Yuma County, Arizona
February 25, 2002
Yuma County Office
Hay Preservatives (Part 3): Microbial hay preservatives or inoculants are available in addition to chemical preservatives. Microbial preservatives are not corrosive to equipment, as is the case with most chemical preservatives, and may be naturally occurring and derived from hay. The beneficial bacteria in hay inoculants stabilize high moisture hay and prevent heating, mold growth, and dry weight loss caused by harmful microbes.
Insect Management: Empoasca spp. leafhopper (potato leafhopper photo) occasionally infest low desert alfalfa in large enough numbers to cause economic damage. These tiny yellowish-green insects cause a characteristic wedge-shaped yellow area on the outer end of leaflets (photo of damage). The leafhoppers inject salivary toxins that cause the yellowing and stunting. When unabated, the yellowing spreads over the entire leaf giving the field a yellowish appearance. Leafhopper populations build in vegetable fields and weeds. Adult leafhoppers then migrate to alfalfa. If damaging infestations are not controlled, the toxin levels in the crown may persist to stunt and yellow subsequent cuttings. The treatment threshold is 5 to 10 leafhoppers per sweep.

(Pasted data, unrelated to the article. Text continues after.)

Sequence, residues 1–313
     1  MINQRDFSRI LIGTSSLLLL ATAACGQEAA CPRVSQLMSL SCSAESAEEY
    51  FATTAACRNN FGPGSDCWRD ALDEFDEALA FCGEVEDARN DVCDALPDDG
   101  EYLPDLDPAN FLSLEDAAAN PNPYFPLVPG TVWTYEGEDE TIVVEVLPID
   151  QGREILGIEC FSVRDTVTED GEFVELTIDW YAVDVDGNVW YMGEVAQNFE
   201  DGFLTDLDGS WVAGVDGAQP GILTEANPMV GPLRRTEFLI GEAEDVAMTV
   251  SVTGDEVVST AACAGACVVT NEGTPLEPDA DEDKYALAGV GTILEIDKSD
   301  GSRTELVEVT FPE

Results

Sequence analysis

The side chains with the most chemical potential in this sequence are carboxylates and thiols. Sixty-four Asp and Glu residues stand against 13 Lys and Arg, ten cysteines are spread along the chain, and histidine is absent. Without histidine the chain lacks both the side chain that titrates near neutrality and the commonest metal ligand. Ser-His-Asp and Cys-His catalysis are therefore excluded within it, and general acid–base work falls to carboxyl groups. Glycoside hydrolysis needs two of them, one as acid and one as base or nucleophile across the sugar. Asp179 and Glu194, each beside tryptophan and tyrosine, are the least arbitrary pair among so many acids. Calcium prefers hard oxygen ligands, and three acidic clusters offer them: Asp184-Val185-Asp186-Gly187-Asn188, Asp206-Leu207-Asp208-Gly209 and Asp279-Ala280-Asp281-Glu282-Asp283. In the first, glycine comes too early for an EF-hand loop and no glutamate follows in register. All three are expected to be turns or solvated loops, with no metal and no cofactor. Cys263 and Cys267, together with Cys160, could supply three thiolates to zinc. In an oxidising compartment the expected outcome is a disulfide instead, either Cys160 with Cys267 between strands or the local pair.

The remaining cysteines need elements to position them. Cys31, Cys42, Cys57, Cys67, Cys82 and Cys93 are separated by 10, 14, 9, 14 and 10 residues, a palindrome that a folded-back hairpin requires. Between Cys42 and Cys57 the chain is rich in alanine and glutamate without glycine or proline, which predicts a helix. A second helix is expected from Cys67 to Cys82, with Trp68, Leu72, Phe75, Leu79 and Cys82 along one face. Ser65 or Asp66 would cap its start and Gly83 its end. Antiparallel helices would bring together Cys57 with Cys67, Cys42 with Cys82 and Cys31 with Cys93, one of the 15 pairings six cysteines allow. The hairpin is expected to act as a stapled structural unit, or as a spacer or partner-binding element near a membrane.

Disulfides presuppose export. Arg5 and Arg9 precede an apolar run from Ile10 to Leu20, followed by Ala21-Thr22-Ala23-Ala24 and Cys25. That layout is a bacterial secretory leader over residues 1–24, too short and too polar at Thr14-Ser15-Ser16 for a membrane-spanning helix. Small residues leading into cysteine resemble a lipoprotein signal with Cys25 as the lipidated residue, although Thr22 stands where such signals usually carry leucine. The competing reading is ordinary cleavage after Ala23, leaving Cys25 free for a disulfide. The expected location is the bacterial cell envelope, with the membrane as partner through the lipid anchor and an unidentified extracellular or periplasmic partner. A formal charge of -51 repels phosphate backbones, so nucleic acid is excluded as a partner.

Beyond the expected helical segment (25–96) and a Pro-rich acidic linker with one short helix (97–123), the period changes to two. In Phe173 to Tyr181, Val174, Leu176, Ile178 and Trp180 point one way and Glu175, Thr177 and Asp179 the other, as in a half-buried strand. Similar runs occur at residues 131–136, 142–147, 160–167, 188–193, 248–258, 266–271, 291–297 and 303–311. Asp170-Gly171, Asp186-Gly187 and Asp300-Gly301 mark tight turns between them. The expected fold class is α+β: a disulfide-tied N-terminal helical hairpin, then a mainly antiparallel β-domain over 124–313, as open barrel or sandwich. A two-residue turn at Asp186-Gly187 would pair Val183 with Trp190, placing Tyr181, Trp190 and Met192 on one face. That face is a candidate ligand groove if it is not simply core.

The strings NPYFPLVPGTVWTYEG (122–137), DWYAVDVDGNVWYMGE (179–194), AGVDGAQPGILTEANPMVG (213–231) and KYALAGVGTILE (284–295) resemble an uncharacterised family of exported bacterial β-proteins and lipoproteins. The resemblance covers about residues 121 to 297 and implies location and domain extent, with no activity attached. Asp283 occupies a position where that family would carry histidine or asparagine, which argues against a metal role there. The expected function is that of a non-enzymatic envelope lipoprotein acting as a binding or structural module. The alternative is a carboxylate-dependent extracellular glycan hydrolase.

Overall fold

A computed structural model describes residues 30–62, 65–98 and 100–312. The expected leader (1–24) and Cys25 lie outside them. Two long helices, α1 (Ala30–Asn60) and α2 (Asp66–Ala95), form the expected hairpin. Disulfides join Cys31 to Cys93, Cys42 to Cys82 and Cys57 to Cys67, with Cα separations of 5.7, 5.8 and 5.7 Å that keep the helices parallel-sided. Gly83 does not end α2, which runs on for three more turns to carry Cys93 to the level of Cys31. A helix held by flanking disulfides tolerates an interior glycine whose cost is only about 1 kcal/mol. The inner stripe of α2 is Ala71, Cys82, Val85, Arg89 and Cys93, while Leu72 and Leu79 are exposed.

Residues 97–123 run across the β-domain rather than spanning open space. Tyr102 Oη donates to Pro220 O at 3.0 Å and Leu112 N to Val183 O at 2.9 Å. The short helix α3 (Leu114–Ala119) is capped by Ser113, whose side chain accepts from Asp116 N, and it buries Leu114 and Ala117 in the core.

Weed Control: Roundup Ready alfalfa is being developed by Monsanto.
Tests being conducted in this area indicate that alfalfa with this genetic
characteristic has excellent tolerance to Roundup. The varieties have
not yet been chosen and the rates and seed cost have not been finalized.
Registration is currently projected at 2004.
10 Year Summary (February 12, to February 24, 1993 - 2002):
Issued in furtherance of Cooperative Extension work, acts of May 8 and June 30, 1914, in cooperation with the U.S. Department of Agriculture, James A. Christenson, Director Cooperative Extension, College of Agriculture and Life Sciences, The University of Arizona.
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Information provided by:
Barry Tickes, firstname.lastname@example.org Extension Agent, Yuma County
Michael Ottman, email@example.com Agronomy Specialist
College of Agriculture, The University of Arizona.
Eric Natwick, firstname.lastname@example.org UCCE Imperial County - Farm Advisor
University of California, Davis, CA.
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